The Quran starts going on a different path around verse 29, and it starts to mention Adam, this is where the parallels between the Bible and Quran stand out even more:

[2.29] He it is Who created for you all that is in the earth, and He directed Himself to the heaven, so He made them complete seven heavens, and He knows all things.
[2.30] And when your Lord said to the angels, I am going to place in the earth a khalif, they said: What! Wilt Thou place in it such as shall make mischief in it and shed blood, and we celebrate Thy praise and extol Thy holiness? He said: Surely I know what you do not know.

[2.31] And He taught Adam all the names, then presented them to the angels; then He said: Tell me the names of those if you are right.

Apparently, khalif is an alternate spelling or a misspelling of the Arabic word "khalifa", meaning successor or prophet, it's where the term "Caliph", the English word for the Arab kings/prophets who ruled in the Islamic world after the death of Mohammed in the ancient Middle East, comes from.

Here's what Wikipedia says about the term:
The Caliph (Arabicخليفة‎ ḫalīfah/khalīfah) is the head of state in a Caliphate, and the title for the ruler of the Islamic Ummah, an Islamic community ruled by the Shari'ah. The word derives from the Arabic About this sound خليفة Khalīfah, which means "successor" or "representative". Following Muhammad's death in 632, the early leaders of the Muslim nation were calledKhalifat Rasul Allah, the political successors to the messenger of God (referring to Muhammad).
Caliph is translated from the Arabic word khalifa (خليفة ḫalīfah/khalīfah) meaning "successor", "substitute", or "lieutenant". It is used in the Quran to establish Adam's role as representative of God on earth. Kalifa is also used to describe the belief that man's role, in his real nature, is as khalifa or viceroy to Allah.[1]  
Adam is seen as a prophet sent by god in the Quran.
[2.32] They said: Glory be to Thee! we have no knowledge but that which Thou hast taught us; surely Thou art the Knowing, the Wise.

[2.33] He said: O Adam! inform them of their names. Then when he had informed them of their names, He said: Did I not say to you that I surely know what is ghaib in the heavens and the earth and (that) I know what you manifest and what you hide?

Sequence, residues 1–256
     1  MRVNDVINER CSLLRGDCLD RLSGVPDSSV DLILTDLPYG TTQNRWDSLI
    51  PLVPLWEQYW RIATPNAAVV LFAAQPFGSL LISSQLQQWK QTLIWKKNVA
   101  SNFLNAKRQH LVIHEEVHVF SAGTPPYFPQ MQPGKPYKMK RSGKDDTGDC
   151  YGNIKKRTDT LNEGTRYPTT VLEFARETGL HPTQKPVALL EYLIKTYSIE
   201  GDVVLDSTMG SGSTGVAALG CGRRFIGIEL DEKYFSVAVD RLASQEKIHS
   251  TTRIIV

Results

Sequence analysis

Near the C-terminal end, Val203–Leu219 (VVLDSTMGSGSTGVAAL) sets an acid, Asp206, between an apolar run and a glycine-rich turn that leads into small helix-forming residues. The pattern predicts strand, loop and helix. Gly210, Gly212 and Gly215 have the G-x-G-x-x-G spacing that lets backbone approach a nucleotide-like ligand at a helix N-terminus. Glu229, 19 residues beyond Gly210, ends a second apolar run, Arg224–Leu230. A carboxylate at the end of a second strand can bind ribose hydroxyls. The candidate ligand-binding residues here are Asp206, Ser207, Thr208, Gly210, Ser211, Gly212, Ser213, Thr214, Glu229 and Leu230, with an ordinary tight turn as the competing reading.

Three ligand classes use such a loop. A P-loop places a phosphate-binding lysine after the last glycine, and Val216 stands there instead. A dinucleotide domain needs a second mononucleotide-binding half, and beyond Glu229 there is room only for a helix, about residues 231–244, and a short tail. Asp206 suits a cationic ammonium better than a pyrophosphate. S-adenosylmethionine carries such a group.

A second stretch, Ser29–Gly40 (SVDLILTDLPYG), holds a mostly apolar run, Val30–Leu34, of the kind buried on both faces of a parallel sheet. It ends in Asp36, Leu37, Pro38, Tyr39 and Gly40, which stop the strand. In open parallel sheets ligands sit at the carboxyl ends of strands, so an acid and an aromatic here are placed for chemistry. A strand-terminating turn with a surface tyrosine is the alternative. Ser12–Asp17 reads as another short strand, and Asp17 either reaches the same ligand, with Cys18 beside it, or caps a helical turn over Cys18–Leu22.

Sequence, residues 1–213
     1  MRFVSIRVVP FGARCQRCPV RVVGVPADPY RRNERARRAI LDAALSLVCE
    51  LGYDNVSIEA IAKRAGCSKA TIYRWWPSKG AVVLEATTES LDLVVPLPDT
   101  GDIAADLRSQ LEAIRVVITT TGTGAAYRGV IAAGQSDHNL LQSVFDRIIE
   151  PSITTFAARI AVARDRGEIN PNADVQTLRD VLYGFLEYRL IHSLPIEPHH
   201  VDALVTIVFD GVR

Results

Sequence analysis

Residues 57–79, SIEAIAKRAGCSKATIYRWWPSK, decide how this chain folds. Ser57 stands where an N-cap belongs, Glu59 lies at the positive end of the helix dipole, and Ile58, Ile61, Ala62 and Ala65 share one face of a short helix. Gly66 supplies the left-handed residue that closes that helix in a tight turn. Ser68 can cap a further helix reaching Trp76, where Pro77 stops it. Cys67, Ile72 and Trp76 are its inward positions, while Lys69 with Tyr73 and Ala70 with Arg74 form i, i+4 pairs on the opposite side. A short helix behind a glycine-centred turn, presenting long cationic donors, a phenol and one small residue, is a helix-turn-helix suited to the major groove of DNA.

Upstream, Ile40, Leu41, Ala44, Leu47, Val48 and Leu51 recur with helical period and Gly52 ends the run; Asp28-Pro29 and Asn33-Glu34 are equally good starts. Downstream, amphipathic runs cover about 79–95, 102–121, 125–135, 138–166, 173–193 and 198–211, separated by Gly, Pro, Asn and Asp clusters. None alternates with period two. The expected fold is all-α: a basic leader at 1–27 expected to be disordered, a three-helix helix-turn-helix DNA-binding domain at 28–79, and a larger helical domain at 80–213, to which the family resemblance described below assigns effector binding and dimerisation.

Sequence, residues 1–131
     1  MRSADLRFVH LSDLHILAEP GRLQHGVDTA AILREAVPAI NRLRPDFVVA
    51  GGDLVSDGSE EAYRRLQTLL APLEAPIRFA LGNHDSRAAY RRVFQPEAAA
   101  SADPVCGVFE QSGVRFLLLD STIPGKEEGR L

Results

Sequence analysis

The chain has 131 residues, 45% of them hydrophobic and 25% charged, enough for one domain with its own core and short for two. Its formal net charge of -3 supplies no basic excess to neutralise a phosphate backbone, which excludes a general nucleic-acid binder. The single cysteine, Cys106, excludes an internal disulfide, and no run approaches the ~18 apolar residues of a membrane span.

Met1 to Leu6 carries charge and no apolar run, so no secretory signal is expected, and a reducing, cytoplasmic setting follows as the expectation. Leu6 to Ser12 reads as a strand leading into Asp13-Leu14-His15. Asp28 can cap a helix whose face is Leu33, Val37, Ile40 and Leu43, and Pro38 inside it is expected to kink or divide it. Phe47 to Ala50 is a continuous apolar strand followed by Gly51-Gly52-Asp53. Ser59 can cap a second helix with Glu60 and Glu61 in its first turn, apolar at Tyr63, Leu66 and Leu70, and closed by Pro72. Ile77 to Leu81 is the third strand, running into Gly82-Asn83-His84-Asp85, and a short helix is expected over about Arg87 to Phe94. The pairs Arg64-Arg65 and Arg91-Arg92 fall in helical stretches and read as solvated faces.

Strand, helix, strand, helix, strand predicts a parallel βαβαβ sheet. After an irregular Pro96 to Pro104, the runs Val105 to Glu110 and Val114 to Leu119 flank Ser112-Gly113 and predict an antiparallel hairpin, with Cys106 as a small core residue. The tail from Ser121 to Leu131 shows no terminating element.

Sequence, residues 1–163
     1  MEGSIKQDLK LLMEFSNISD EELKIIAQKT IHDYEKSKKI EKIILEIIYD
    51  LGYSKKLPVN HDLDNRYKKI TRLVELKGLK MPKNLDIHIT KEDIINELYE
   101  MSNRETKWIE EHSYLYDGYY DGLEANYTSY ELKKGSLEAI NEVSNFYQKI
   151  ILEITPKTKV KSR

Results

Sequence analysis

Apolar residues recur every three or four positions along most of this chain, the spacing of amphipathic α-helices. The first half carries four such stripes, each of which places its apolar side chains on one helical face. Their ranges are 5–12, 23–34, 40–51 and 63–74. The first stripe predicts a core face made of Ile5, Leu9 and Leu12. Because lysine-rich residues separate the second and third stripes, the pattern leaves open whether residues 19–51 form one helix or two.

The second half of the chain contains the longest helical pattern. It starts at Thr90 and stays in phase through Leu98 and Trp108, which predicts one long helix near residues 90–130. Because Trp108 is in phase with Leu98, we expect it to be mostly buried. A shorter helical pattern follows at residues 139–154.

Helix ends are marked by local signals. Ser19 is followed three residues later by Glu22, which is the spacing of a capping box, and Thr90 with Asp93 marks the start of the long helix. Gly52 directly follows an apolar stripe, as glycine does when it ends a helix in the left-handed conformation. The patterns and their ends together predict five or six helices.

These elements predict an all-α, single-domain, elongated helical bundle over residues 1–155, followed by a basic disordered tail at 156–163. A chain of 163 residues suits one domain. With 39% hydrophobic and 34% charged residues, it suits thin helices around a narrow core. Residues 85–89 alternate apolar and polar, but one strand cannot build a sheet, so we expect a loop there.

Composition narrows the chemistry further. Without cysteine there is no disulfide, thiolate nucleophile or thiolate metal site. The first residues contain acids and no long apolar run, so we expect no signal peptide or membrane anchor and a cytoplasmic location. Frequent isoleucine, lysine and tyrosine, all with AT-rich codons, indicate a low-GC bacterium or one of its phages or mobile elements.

Ghaib or Al-Ghaib is the unknown, the forces that shape the world, that Allah knows, but we mere mortals are not allowed to see or understand. Notice that it strongly implies that Allah knows what we show to the world, and what we hide? Clearly the Quran believes that Allah is omniscient.
[2.34] And when We said to the angels: Make obeisance to Adam they did obeisance, but Iblis (did it not). He refused and he was proud, and he was one of the unbelievers.

Here's where the Bible and the Quran have a big departure from each other. I was confused by this verse, and I had to research it. Apparently, Allah created Adam, and then commanded the angels to bow before him, as a test of their obedience to Allah.

All the angels did, except for one: Satan. In Islam, Satan is referred to as Iblees or Sheitan. According to one Quran commentary, Satan/Sheitan failed this loyalty test by Allah, and refused to bow to Adam. Satan felt himself superior to Adam, a mortal, and because of his arrogance, Allah made him live on the earth until the Day of Judgement at the end of the world.
[2.35] And We said: O Adam! Dwell you and your wife in the garden and eat from it a plenteous (food) wherever you wish and do not approach this tree, for then you will be of the unjust.

[2.36] But the Shaitan made them both fall from it, and caused them to depart from that (state) in which they were; and We said: Get forth, some of you being the enemies of others, and there is for you in the earth an abode and a provision for a time.